Cowper had crystallized in his comments exactly the type of discussion the Alaska Regional Response Team and state agencies had gone through in developing the preapproval process for dispersants two weeks before the spill. He was merely asking the people in the Valdez civic center that there was an established mechanism making these public policy decisions, and that no one had unilateral authority to circumvent the process or change the rules.
At the time Iarossi made his comments, he was not familiar with the process and was, perhaps, assuming more authority than Exxon actually had. Cowper's comments were not some new state policy; the Governor was, instead, letting people know that the government understood the risks and the benefits of dispersants, and that the protection of the fisheries and the local economy was among the government's central concerns.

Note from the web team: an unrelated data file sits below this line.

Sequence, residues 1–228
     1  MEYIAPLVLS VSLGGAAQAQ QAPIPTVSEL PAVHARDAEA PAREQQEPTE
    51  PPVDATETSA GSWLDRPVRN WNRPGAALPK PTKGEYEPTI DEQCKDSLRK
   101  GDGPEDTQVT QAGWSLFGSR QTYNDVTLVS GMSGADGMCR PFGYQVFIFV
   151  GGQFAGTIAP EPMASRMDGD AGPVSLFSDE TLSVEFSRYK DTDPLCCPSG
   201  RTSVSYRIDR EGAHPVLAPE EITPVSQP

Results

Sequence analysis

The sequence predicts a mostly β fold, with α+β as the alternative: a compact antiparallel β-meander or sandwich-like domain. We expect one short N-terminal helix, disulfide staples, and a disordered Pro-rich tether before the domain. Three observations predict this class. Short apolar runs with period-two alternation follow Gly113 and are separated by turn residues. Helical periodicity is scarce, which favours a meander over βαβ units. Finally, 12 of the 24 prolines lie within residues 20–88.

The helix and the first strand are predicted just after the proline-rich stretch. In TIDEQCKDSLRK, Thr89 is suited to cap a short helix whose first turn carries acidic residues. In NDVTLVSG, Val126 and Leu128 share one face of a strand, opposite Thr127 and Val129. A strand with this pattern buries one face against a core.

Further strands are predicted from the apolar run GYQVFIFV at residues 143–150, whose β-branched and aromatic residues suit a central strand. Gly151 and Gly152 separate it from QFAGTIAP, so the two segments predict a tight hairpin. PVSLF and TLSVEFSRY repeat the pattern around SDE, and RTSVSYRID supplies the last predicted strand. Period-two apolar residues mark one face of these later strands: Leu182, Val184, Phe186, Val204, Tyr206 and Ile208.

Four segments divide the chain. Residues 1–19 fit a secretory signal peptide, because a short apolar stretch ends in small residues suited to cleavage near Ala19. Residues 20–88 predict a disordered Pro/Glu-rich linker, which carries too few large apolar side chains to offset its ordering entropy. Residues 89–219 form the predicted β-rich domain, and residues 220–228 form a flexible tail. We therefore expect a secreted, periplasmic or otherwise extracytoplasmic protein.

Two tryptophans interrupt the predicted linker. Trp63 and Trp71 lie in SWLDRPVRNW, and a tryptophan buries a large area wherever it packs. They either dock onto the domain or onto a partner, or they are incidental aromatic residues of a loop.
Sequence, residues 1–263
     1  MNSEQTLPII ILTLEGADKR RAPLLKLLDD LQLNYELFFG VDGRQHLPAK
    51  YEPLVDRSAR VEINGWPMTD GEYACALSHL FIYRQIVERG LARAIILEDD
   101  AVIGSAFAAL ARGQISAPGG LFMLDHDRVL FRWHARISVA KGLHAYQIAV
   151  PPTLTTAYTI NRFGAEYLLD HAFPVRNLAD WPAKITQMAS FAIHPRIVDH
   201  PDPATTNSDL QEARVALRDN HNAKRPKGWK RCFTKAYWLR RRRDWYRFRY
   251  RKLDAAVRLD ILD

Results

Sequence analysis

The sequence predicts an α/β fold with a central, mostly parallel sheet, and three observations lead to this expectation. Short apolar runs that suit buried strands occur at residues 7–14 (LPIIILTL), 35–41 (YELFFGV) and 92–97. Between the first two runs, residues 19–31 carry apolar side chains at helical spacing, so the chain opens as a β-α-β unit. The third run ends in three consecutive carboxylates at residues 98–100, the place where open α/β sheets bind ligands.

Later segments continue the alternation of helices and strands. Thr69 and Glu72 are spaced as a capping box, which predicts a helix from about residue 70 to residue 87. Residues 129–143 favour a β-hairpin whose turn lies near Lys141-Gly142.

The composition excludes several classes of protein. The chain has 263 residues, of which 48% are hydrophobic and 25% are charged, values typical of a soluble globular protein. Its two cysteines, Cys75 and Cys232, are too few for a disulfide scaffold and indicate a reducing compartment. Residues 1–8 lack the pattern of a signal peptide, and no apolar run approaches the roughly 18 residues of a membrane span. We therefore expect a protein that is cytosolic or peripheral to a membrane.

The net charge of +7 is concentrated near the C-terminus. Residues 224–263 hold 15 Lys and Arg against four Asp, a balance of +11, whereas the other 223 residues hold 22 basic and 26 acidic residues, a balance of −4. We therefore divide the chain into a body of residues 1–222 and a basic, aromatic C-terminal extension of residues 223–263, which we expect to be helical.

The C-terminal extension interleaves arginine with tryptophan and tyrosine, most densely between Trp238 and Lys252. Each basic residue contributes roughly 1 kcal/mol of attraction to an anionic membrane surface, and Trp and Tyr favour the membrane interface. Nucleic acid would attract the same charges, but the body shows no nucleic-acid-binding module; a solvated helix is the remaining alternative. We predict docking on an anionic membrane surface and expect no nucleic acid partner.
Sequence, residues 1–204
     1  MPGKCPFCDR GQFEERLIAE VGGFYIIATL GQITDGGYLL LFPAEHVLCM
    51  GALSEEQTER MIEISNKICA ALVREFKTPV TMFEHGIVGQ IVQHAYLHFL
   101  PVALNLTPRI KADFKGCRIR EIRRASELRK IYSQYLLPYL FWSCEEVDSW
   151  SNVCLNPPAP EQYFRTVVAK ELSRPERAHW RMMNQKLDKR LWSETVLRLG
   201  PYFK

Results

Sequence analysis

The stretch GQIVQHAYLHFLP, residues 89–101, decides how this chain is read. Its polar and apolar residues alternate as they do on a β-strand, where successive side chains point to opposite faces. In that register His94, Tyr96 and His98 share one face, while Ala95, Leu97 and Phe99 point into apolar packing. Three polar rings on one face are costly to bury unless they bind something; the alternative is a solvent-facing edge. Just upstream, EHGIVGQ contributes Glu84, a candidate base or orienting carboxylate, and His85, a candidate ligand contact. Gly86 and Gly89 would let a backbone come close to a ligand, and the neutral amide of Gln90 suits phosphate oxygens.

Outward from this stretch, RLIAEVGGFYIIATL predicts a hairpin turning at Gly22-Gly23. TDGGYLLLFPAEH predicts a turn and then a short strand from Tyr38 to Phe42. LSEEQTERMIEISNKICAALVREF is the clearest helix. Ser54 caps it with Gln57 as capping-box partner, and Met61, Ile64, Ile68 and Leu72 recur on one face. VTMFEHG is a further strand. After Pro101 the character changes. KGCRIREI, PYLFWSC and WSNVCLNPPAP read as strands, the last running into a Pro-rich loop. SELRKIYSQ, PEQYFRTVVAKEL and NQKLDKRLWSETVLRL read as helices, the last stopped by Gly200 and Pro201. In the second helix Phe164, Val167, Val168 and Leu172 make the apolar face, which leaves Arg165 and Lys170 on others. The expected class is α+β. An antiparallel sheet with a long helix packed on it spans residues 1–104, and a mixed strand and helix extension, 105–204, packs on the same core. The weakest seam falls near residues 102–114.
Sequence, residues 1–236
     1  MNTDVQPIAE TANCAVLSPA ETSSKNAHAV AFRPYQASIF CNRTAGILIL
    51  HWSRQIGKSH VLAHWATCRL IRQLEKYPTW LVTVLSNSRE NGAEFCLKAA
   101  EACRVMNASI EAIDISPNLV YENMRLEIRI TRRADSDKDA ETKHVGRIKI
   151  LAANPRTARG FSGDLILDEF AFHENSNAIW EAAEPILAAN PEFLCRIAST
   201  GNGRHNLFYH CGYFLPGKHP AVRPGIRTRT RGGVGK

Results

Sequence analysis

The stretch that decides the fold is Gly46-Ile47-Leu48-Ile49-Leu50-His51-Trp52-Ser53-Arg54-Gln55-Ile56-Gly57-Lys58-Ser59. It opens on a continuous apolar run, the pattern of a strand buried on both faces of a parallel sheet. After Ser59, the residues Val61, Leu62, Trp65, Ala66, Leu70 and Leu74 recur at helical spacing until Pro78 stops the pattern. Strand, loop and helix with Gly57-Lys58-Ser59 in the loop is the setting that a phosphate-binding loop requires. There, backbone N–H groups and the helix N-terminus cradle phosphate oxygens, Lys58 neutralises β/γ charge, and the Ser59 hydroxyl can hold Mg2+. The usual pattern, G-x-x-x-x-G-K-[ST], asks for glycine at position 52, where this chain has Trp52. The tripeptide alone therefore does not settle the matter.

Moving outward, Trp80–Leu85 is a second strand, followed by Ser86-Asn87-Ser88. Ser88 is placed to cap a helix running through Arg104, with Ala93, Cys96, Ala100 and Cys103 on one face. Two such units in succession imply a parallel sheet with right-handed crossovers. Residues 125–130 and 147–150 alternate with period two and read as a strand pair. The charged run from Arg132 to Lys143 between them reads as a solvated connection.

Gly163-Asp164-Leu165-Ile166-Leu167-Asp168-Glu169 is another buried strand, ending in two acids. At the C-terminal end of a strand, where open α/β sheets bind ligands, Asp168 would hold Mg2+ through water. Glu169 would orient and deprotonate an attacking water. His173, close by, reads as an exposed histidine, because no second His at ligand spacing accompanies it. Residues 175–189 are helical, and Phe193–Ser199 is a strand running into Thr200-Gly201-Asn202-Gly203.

Aside from the obvious priorities of public and environmental health and safety raised by the tanker disaster, the first three or four days of the spill were dominated by four principal issues:
a) the inadequacy of the Alyeska response;
b) the confusing and unauthorized "hand-off" of the spill by Alyeska to Exxon;
c) the dispersant disagreement;
d) the gross lack of cleanup resources.
Alyeska's response was slow and weak; it did not meet the requirements of the contingency plan. It is important to keep in mind that the contingency plan was not so much a set of requirements established by the government, but rather a set of response standards that Alyeska had agreed were reasonable and attainable.